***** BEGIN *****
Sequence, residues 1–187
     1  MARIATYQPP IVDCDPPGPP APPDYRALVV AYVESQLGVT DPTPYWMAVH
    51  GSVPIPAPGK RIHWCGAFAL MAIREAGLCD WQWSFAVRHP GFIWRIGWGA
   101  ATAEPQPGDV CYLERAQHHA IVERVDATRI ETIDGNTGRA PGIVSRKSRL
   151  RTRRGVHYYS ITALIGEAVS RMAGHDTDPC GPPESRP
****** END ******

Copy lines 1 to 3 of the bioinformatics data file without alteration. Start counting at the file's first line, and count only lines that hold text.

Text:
Sequence, residues 1–187
     1  MARIATYQPP IVDCDPPGPP APPDYRALVV AYVESQLGVT DPTPYWMAVH
    51  GSVPIPAPGK RIHWCGAFAL MAIREAGLCD WQWSFAVRHP GFIWRIGWGA